Are you up to date on the new HMO regulations?

The Professor, 20 June 2018

A large proportion of the UK’s housing stock is Houses of Multiple Occupation (HMOs). The basic definition of an HMO is that at least three tenants must live there who share facilities despite forming more than one household. A larger HMO is defined as being at least three storeys high and rented to five or more people from two or more separate households who share facilities.

Whilst the HMO is an elegant solution to the large number of individual renters who cannot afford to rent on their own and must share, problems remain with the model. The most obvious of these is the issue of overcrowding, where a landlord will put more people in a house than it can safely support in order to make more money.

This is becoming a well-publicised issue in many parts of the country and has led the Ministry of Housing, Communities and Local Government to issue new regulations to stamp the issue out. From the 1st October 2018, all landlords who rent out a property to five or more people from two or more separate households will have to register with, and be licensed by, their Local Authority.

This change is predicted to impact approximately 160,000 HMO landlords, and will in theory allow local governments to better regulate the sector and take action to crack down on the minority of rogue landlords who are renting out low quality, overcrowded homes.

Additionally, the new regulations will set minimum sizes for rooms, and landlords will be forced to adhere to council refuse schemes in order to reduce the overall amount of waste. The new guidance also plans a review into how selective licensing might be used for landlords in the future in order to make sure those renting property out are fit and proper.

Heather Wheeler, a housing minister, said: “Everyone deserves a decent and safe place to live. Today’s new guidance for landlords will further protect private renters against bad and overcrowded conditions and poor management practice”.

The review is designed to enforce safety standards and to take into account the views of landlords, tenants and housing professionals so that the growing sector is more representative of everyone in the future.

With the better part of five million rented households in the UK, it is clear that necessary regulations need to be put in place sooner rather than later to ensure that the market works for everybody.

Are you looking to sell your buy-to-let home? Get your FREE valuation from yieldit today!


Are you up to date on the new HMO regulations?

The Professor, 20 June 2018

A large proportion of the UK’s housing stock is Houses of Multiple Occupation (HMOs). The basic definition of an HMO is that at least three tenants must live there who share facilities despite forming more than one household. A larger HMO is defined as being at least three storeys high and rented to five or more people from two or more separate households who share facilities.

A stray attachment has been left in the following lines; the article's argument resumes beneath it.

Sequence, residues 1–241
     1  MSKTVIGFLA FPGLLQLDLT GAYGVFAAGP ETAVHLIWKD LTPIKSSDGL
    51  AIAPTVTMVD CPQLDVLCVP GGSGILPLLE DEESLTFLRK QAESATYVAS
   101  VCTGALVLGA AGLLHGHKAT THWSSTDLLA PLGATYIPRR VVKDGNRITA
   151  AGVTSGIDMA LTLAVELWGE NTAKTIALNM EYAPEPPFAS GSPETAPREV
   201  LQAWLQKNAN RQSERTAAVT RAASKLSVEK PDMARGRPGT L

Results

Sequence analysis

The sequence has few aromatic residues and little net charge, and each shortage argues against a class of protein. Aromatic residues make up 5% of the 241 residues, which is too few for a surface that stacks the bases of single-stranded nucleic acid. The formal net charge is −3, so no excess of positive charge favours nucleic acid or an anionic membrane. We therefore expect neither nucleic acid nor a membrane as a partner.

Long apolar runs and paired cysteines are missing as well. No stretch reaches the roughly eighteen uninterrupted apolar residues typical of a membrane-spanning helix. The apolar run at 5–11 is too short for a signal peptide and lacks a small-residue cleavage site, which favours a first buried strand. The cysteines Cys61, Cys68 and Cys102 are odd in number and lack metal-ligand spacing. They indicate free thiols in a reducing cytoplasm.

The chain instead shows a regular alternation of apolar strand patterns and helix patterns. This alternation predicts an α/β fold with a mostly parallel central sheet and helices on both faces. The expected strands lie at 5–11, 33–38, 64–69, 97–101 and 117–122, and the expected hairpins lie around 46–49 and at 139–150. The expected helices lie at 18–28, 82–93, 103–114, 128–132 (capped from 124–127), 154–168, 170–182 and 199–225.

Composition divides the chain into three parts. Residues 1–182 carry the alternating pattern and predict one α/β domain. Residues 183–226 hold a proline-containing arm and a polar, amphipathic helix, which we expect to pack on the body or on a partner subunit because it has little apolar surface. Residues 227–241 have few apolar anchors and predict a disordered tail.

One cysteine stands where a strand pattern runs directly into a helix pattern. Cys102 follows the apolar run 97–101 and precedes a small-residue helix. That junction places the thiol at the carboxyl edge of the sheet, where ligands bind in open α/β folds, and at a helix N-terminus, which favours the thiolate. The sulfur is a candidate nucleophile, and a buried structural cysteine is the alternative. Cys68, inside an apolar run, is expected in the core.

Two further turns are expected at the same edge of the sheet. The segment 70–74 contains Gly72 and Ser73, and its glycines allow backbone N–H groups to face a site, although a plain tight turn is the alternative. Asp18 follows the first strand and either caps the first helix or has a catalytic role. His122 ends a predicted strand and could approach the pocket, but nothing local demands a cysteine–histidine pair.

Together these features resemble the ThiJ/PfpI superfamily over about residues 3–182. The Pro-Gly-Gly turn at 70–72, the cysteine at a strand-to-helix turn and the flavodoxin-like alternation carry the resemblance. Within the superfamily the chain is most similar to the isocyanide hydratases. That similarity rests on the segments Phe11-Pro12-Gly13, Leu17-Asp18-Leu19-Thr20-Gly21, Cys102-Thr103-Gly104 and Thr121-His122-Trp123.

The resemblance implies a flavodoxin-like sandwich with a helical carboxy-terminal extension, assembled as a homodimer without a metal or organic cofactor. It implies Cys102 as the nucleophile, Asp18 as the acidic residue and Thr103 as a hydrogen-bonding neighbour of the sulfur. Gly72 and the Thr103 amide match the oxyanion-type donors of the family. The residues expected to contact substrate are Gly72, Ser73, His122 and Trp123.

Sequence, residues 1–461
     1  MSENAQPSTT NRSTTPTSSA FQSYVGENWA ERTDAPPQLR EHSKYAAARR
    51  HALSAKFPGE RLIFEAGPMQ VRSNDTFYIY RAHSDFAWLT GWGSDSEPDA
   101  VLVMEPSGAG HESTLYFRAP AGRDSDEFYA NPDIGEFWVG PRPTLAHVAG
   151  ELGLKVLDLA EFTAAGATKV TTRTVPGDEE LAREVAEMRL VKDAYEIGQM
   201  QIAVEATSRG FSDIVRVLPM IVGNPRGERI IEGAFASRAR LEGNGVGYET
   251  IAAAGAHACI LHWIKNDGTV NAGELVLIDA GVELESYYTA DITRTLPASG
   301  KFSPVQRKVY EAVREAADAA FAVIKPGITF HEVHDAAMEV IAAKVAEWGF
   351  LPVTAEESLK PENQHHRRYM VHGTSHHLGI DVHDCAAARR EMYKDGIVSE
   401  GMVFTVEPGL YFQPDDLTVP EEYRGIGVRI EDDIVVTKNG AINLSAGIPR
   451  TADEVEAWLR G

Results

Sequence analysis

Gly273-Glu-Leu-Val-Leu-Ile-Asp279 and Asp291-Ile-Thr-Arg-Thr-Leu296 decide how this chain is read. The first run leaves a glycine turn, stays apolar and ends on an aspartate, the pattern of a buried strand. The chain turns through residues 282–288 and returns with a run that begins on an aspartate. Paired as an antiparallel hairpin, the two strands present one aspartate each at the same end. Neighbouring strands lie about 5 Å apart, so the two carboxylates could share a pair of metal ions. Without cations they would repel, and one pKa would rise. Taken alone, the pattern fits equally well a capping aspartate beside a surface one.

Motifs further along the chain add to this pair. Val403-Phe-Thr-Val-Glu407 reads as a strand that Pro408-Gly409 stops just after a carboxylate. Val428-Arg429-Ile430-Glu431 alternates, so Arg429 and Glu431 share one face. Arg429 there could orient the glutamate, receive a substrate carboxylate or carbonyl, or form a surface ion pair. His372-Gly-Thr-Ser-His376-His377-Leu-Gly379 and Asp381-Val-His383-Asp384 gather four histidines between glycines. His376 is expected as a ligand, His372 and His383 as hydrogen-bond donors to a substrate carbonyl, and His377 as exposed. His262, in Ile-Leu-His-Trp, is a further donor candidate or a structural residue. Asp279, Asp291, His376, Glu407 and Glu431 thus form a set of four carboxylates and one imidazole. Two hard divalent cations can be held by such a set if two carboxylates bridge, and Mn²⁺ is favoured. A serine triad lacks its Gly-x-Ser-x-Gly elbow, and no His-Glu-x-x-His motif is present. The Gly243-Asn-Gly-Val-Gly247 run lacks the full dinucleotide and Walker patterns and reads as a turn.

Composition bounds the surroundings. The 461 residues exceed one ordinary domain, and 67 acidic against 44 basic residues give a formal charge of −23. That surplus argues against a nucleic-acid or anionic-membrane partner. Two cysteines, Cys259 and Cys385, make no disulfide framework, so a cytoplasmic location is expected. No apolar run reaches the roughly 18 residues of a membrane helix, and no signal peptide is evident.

Whilst the HMO is an elegant solution to the large number of individual renters who cannot afford to rent on their own and must share, problems remain with the model. The most obvious of these is the issue of overcrowding, where a landlord will put more people in a house than it can safely support in order to make more money.

This is becoming a well-publicised issue in many parts of the country and has led the Ministry of Housing, Communities and Local Government to issue new regulations to stamp the issue out. From the 1st October 2018, all landlords who rent out a property to five or more people from two or more separate households will have to register with, and be licensed by, their Local Authority.

This change is predicted to impact approximately 160,000 HMO landlords, and will in theory allow local governments to better regulate the sector and take action to crack down on the minority of rogue landlords who are renting out low quality, overcrowded homes.

Additionally, the new regulations will set minimum sizes for rooms, and landlords will be forced to adhere to council refuse schemes in order to reduce the overall amount of waste. The new guidance also plans a review into how selective licensing might be used for landlords in the future in order to make sure those renting property out are fit and proper.

Heather Wheeler, a housing minister, said: “Everyone deserves a decent and safe place to live. Today’s new guidance for landlords will further protect private renters against bad and overcrowded conditions and poor management practice”.

The review is designed to enforce safety standards and to take into account the views of landlords, tenants and housing professionals so that the growing sector is more representative of everyone in the future.

With the better part of five million rented households in the UK, it is clear that necessary regulations need to be put in place sooner rather than later to ensure that the market works for everybody.

Are you looking to sell your buy-to-let home? Get your FREE valuation from yieldit today!